How to start buying shares for your kids or grandkids
Shares are truly the gift that keeps on giving, potentially providing dividends for years to come and generating welcome capital growth over time. With the festive season approaching, shares can be a handy stocking stuffer, but there are hazards to avoid when investing for others - especially minors.
While children can't trade shares themselves, it's never too early to get kids interested in money matters, and there are several ways for parents or grandparents to invest in shares on behalf of a child.
If you're looking at investing serious money, one option is to establish a discretionary family trust. This can provide tax benefits but it's a complex step that comes with upfront legal fees and annual accounting costs. So, it's not a cost-effective strategy if you just want to kick-start a pint-sized portfolio.
An easier and cheaper option is to open an online trading account with an adult acting as trustee for the child. With online broker CommSec for example, when you open a share broking account you'll be asked which type of account you'd like to apply for. By selecting 'Trust', followed by 'Minor' for the trust type, you'll be able to act as trustee for the child's shares. A similar account set-up is available with nabtrade.
The beauty of this approach, is that when a youngster turns 18, the shares can usually be transferred into a share account in their own name. This may mean filling out a 'change of ownership' form. But as there has been no change in the beneficial ownership of the shares, capital gains tax should not apply.
Alternatively, you can buy shares in your own name and transfer them into someone else's name through an off-market transfer. This involves contacting your broker or the company's share registry, explaining what you're after and completing some paperwork. A small fee (often less than $50) usually applies.
Watch the dividend trap
The more complex aspect of buying shares for someone else - particularly children, is the tax treatment of dividends.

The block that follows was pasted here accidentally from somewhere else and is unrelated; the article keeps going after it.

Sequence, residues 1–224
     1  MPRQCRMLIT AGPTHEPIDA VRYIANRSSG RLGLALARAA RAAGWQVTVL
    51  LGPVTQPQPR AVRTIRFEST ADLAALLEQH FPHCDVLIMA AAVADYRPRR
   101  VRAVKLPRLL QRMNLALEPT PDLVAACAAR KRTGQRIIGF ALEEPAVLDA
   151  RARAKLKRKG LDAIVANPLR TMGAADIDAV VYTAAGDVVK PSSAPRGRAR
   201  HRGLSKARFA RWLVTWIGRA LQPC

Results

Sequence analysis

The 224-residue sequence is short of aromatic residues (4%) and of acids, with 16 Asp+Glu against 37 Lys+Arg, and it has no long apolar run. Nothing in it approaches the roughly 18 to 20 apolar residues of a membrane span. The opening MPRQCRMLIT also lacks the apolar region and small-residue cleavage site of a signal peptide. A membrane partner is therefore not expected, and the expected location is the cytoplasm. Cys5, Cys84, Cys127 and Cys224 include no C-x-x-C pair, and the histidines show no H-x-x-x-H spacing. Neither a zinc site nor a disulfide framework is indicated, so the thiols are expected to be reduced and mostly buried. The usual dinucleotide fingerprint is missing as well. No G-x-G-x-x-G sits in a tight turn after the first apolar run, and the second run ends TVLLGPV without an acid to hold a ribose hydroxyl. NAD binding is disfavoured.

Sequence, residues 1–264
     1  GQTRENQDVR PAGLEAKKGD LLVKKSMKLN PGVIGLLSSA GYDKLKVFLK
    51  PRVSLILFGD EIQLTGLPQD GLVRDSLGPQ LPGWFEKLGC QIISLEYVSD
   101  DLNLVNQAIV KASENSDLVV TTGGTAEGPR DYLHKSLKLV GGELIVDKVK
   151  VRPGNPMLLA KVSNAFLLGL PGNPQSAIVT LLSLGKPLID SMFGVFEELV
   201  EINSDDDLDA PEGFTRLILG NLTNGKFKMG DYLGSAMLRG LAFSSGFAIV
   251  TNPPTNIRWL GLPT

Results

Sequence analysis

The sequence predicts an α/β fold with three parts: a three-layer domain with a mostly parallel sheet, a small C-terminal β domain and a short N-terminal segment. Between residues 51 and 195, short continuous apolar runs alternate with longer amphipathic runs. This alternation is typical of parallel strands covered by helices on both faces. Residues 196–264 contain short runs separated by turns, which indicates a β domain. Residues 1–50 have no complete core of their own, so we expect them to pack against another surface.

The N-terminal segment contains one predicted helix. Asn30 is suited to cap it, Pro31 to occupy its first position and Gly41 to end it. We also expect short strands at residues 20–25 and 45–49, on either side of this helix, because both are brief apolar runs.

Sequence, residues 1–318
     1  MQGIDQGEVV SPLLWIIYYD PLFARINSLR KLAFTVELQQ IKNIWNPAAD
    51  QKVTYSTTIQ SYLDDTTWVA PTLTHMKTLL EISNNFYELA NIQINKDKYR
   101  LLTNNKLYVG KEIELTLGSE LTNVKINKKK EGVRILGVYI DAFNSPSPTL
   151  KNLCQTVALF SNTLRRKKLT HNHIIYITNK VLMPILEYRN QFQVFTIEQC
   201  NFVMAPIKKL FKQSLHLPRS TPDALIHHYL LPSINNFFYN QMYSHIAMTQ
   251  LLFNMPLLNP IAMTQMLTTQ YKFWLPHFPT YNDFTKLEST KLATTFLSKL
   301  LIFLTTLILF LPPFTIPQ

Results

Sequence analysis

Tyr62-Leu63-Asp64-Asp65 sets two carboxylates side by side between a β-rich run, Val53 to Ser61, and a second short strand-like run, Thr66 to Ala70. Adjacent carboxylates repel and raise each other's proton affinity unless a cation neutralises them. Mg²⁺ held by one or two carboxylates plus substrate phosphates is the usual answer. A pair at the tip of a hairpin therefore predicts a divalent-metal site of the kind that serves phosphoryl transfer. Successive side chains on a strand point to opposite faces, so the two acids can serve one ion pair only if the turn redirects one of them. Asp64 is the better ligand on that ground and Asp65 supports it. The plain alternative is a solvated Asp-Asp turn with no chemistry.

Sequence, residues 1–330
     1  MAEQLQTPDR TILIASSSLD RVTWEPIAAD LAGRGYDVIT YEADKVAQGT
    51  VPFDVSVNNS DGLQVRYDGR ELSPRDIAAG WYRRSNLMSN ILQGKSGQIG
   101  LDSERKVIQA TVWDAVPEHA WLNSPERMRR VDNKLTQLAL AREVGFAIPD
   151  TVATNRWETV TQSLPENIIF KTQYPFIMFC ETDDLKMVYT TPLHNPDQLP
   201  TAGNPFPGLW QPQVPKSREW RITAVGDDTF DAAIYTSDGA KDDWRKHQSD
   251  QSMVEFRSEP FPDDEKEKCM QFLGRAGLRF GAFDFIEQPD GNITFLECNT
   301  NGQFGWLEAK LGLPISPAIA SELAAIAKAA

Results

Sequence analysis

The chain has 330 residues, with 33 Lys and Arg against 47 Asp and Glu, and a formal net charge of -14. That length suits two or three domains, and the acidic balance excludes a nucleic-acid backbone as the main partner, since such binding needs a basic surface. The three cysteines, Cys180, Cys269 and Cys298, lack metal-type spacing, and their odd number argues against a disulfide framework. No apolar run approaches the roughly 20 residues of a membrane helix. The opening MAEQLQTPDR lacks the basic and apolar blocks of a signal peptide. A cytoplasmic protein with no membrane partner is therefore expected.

Where shares are directly owned by a parent, or by a parent as trustee for a child, dividends should be included in the parent's tax return. This may push up a parent's income but the beauty of franking credits is that any additional tax is unlikely to be a big deal. That said, it makes sense for the shares to be held in the name of the parent with the lower income.
If the child is the owner of the shares, any dividends may need to be declared in a tax return for the youngster. This means applying for a TFN for the child, which is easy enough. The problem is that very high tax rates apply to investment income earned by minors.
To discourage parents dodging tax by putting investments in the name of children, minors can only earn up to $416 in investment income before tax applies. Investment earnings above this can cop a tax rate as high as 66%.
Assuming the shares you buy have a fully franked dividend yield of 4%, a child would need to own shares worth around $7250 before tax applies. That may not sound like much. But remember, over time the market value of the shares will (hopefully) grow, pushing up the value of dividends.
If you're not sure which is the best strategy for your situation, a quick chat with your accountant or tax adviser can put everyone's mind at ease.
A Dividend Reinvestment Plan can be worthwhile
Once the shares are underway, it can be worth thinking about a dividend reinvestment plan (DRP), especially for youngsters.
Not all companies offer a DRP, but among those that do, there can be some real pluses. It means swapping cash dividends for more shares - often at a discount, and without the cost of brokerage. For children, who are unlikely to need the dividend income, a DRP can really turbo-charge compounding returns.
The downside is that you'll need to keep good records. Each DRP brings additional shares at different prices and acquisition dates, all of which will be needed in the future for capital gains tax calculations. Setting up a spreadsheet can help you keep track of the appropriate details, and store any notifications of dividends reinvested in case the Tax Office raises any queries.
Foster an interest
If you plan on buying shares for kids, aim to foster an interest in their investment. Sure, it can be challenging explaining the finer points of the sharemarket to a toddler.
But good money habits can be formed from a surprisingly tender age, and with encouragement your youngster could be the next Warren Buffet.
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